So where are we at? We're experimenting with different facets of brewing these beers: trying out different yeast strains and blends, different fermentation approaches, different hops and amounts for dry hopping, different types and amounts of bitterness, etc... until we find our way with them. So enjoy the ride with us!

We will continue to can these IPAs consistently. And they will only be sold through the Tasting Room (no distro). Starting off in April we will do smaller amounts of cans. But starting in May we are looking at tripling the amount of beer being released and hoping to do it every two weeks.

Thank for the wonderful response with our first canned-IPA release, First Things First. We didn't know if people would come and stand in line for a Monkish-made IPA. But you did! With about 150+ of you in line at opening, we sold out in an hour!

Thanks for reading, and enjoying our beers.

... And please, please DRINK them FRESH!!!

List of Canned Beers

  • First Things First (collab with Other Half) IPA
  • Run the Pigeon IPA
  • Foggy Window DIPA
  • One Life. One Love. Session IPA
  • Supa Dupa Fly IPA

haiku de saison

Haiku de Saison is a lovely beer and we're excited to share it with you! It's a mixed-fermentation saison that aged in our French oak foudres (large 1400gal wine vats) with our house mixed culture of wild yeast and souring bacteria. For over 20 years these foudres aged Sauvignon Blanc; as a result this tart, earthy, complex saison has layering notes of white wine and oak. This tart saison will continue to evolve with age. This is the first beer from our foudres that we're releasing. 6.3% ABV (750ml corked & caged champagne-style bottles).

Bottle Release is Sat, Nov. 7, but online presale begins Thurs, Oct 29 through eventbrite.com.

 

Click >>HERE<< for ordering details.

Cheers!

 

rara avis

We are excited to introduce our newest beer, Rara Avis. "Rara Avis" is a Latin idiomatic phrase for an English idiomatic expression "rare bird." This blended saison was brewed exclusively for The Rare Club and is only available through The Rare Beer Club and through our Tasting Room. So for sure it will not be brewed again :)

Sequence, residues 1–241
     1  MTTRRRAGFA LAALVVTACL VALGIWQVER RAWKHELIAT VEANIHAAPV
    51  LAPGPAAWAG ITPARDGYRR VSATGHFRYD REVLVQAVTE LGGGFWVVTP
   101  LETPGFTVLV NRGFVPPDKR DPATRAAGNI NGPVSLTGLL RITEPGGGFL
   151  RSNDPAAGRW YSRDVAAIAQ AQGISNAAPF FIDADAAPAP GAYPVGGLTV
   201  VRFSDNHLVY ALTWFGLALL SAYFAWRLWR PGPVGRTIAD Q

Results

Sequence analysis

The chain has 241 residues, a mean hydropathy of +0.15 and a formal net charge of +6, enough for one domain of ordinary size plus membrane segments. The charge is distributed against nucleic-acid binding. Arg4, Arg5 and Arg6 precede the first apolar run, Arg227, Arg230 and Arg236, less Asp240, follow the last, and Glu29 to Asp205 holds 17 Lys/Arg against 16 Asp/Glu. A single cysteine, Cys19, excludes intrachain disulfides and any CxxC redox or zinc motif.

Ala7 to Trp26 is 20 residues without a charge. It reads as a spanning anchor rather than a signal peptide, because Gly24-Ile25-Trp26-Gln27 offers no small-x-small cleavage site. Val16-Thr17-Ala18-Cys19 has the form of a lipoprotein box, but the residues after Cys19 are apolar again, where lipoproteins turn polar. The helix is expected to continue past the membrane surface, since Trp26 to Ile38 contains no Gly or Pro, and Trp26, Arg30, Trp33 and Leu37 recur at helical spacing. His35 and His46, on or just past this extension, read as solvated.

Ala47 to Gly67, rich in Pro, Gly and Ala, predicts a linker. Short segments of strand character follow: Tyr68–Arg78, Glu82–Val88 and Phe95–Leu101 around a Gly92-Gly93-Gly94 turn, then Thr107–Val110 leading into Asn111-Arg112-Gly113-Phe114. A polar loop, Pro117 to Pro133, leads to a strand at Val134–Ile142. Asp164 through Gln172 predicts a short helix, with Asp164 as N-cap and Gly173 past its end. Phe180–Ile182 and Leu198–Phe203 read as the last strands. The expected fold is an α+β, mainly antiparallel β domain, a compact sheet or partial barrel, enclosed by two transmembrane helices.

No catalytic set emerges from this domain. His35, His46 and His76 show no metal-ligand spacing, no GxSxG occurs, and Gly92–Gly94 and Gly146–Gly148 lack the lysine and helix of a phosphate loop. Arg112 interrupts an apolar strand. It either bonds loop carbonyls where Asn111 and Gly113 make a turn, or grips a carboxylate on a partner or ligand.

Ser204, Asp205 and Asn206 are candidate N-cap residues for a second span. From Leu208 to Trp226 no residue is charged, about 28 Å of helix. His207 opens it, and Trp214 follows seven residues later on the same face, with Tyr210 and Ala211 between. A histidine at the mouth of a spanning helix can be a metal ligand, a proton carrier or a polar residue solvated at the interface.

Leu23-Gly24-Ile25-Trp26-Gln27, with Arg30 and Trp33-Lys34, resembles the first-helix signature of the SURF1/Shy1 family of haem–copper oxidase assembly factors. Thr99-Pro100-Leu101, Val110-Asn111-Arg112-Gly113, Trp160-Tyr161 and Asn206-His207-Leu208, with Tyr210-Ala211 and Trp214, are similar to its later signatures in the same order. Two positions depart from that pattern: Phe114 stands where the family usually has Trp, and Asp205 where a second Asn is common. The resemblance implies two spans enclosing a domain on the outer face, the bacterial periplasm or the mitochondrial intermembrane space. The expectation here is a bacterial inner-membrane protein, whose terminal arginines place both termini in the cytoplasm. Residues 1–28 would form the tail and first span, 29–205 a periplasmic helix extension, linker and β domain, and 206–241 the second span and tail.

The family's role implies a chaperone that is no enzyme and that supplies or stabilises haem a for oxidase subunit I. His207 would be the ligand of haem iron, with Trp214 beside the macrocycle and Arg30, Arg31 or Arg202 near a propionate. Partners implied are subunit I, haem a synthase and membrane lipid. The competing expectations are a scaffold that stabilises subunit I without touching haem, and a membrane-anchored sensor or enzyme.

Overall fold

The beer which was brewed on Christmas Eve 2014 is a blend of two separate brett saisons: a rye-based saison and a spelt-based saison. Both were fermented with a mixed culture of saison yeast (two strains of brettanomyces, and two strains of lactobacillus) for layers of tropical fruitiness, slight tartness, and earthy funk. After it was blended we decided to dry hop it gently with Amarillo and Galaxy hops (why not?!) to accent the notes of juicy tropical fruits.

The beer will continue to evolve in the bottle so cellar some of this bottle-conditioned "rare bird" :)

 

 

 

 

 

 

 

 

 

foudres.

It's been a long time since our last blog post. But we wanted to write briefly about the recent additions to the brewery -- five oak foudres (French for large, oak barrel). We purchased them used from Markham Vineyards in Napa, which used them for aging its Sauvignon Blanc. Four of these 1400gal French oak foudres are uprights, while the other one is oval shaped.

The foudres will be dedicated to wild and sour beers. We haven't decided on how we will approach all five vessels. We know it could take quite, quite some time before sour beer will be ready out of these foudres. So we would like to initiate them by devoting a couple foudres for long-haul beers, and a couple for not-too-long-ish sour beer aging. And for the oval we are planning primary fermenting and conditioning 100% brettanomyces beers.